Asia-Pacific chief executives continue to face pressure generated by the ongoing Covid-19 pandemic and market conditions such as rising inflation, supply chain disruptions and the “Great Resignation”.
But despite all the shifting headwinds, the regional chief executives surveyed by PwC are the most optimistic they have been in 10 years about the prospects for a stronger economy in the coming year.
Some 76% predict the global economy will improve, while only 17% expect worsening conditions. This year’s optimism level is three points higher than last year’s, and a full 41 points higher than in 2020, the year the pandemic began.
The findings are contained in the 25th annual Global CEO Survey, which polled 4,446 top executives including 1,618 from Asia-Pacific in October and November 2021.
Optimism is trending upwards in most countries within Asia-Pacific — the most positive being India, Indonesia, Malaysia and Singapore where at least 90% of CEOs anticipate global growth in the coming year. However, CEOs in China are feeling less optimistic than they were a year ago, down 9 points to 62%.
Confidence in global growth translates to a high degree of optimism for regional CEOs’ own businesses: 50% are “very confident” or “extremely confident” about 12-month revenue growth prospects.
“While the ongoing pandemic and emergence of new variants cast a shadow over the year, the high level of CEO optimism we found speaks to the strength and resilience of the global economy and the ability of CEOs to manage through uncertainty,” said Bob Moritz, global chairman of PwC.
“There is nothing ‘normal’ about the world we are working in, but we are getting used to it.”
Despite high overall optimism, Asian CEOs are also well aware of potential threats that could affect their companies over the coming 12 months.
They rank health risks (58%) as their top priority to address (the exception is China at 42%). The figure is 10 percentage points higher than their global peers who list cyber risk as their most pressing concern. For Asia-Pacific CEOs, cyber risk (44%) and macroeconomic volatility (43%) are second and third on the list.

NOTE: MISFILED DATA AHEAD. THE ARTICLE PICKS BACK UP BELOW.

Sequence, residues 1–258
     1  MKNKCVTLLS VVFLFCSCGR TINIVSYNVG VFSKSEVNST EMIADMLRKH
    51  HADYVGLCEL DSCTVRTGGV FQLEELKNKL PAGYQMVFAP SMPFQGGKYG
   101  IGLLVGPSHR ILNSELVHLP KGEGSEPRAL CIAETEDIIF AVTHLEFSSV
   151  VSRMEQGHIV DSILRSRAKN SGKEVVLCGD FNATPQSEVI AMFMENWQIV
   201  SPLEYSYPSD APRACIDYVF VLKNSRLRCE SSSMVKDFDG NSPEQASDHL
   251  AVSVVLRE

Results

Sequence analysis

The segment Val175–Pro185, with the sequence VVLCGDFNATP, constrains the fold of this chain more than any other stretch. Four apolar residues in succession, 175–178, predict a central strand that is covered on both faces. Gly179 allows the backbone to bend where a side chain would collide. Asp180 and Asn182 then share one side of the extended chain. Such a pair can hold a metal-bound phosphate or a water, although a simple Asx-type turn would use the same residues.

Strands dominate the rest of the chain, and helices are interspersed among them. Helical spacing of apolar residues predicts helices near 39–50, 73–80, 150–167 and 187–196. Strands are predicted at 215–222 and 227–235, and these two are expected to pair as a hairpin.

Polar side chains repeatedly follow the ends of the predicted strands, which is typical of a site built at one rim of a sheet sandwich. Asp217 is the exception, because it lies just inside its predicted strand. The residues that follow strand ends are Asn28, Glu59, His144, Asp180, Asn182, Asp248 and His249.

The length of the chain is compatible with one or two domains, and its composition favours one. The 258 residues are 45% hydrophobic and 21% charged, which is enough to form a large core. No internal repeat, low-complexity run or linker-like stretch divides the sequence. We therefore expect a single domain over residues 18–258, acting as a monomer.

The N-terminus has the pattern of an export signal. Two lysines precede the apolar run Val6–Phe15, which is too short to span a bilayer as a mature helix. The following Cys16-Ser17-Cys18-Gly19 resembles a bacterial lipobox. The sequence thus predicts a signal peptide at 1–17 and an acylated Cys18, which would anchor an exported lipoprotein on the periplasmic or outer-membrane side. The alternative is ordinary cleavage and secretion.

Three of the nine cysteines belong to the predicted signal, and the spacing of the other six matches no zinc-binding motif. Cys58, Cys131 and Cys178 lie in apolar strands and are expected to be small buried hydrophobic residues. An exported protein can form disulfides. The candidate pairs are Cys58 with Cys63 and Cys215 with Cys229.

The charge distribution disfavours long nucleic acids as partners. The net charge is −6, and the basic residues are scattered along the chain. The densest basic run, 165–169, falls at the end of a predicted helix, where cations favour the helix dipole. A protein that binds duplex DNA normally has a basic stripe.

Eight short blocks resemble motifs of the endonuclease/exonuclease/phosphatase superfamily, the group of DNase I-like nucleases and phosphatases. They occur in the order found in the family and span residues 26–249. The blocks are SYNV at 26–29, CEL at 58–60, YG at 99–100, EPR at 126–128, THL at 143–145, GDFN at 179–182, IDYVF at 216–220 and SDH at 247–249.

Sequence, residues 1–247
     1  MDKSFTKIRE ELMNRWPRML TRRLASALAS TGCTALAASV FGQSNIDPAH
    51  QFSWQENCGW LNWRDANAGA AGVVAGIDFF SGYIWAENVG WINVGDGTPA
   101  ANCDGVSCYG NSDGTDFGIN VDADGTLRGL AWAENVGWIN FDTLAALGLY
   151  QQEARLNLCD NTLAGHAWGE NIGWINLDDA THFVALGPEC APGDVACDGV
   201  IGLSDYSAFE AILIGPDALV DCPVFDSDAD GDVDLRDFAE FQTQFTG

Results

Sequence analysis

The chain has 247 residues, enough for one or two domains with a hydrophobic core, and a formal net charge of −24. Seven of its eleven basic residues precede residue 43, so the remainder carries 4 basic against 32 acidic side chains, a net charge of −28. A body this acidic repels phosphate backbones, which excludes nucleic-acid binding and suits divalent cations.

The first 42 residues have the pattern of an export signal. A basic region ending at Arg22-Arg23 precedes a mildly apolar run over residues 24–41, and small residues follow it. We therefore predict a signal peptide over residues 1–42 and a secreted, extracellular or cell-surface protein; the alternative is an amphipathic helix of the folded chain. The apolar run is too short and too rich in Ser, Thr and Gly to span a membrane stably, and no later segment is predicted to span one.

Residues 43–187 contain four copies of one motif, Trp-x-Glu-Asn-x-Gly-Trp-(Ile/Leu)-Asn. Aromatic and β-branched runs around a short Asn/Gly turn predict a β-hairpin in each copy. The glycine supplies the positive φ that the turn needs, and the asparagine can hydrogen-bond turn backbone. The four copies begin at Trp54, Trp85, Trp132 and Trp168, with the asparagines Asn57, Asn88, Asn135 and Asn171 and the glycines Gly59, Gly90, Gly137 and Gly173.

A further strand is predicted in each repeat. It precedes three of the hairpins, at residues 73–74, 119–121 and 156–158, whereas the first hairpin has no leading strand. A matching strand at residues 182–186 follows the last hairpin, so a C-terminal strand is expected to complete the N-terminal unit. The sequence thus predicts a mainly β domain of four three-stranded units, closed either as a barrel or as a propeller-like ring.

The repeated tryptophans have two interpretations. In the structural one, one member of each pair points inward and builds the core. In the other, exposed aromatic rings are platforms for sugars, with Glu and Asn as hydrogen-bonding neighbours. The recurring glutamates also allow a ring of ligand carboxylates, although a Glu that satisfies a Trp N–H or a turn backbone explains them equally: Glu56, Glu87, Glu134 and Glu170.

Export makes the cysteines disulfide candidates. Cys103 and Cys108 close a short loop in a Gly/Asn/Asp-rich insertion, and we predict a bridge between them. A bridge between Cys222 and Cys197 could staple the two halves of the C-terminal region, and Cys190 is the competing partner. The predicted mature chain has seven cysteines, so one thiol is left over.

Raymund Chao, chairman of PwC Asia Pacific and China, noted that the region’s chief executives are showing a growing interest in embedding ESG (environmental, social and governance) practices into business resilience and transformation initiatives.
“This presents a real opportunity for business leaders to build trust and drive sustained outcomes for all — underpinning PwC’s very own New Equation strategy,” he said.
Asia-Pacific CEOs are ahead of their global peers in net-zero and carbon-neutral commitments: 60-69% have made, or are progressing towards a net-zero and/or carbon-neutral commitment — a clear 9-13% ahead of global peers. In addition to those CEOs that have made net-zero commitments, 77% of Asia-Pacific CEOs (versus 66% globally) have had their approach independently assessed and validated. A higher proportion have also included emissions targets in their overall strategy (43% versus 37% globally).
“In the past year, businesses in Thailand have put a greater focus on ESG, but not many are currently pursuing carbon emission targets to achieve net zero,” said Chanchai Chaiprasit, CEO of PwC Thailand. “This includes large Thai and international companies, both listed and non-listed. Less than 20 have publicly announced net-zero commitments.
“The companies that have committed to net zero usually conduct business in foreign countries, sell products internationally or take part in a large global supply chain. They’re more likely to have a high level of readiness in terms of scale and workforce compared with other Thai companies.”
The survey has shown a strong correlation between trust and net zero commitments based on CEO responses to questions about their customers’ behaviours. Asia-Pacific CEOs of companies ranked highest for trust are significantly more likely to lead organisations that have made a net zero commitment (37%) than those ranked lowest for customer trust (20%).
Asia-Pacific CEOs of “high-trust” companies are also more likely to lead organisations that have tied non-financial outcomes to their compensation. More than half of Asia-Pacific CEOs who lead organisations ranked highest for trust have customer satisfaction (65%) and employee engagement metrics (57%) tied to their personal bonus or incentive plan.
Thai companies now have a greater understanding of ESG and realise the importance of doing more on this issue, said Mr Chanchai.
“Pledging a net-zero commitment is like plotting a journey. Businesses must begin by learning about ESG and consider which criteria complements their industry. The impact and framework will vary for each type of business,” he said.
“Although it’s clear there is no ‘one size fits all’ strategy, deciding which ESG aspects your business needs to develop is an important first step before measuring emissions to determine the organisation’s total carbon footprint. After that comes the plan on how to minimise emissions — taking carbon credits and tax into account — to reach carbon neutrality.”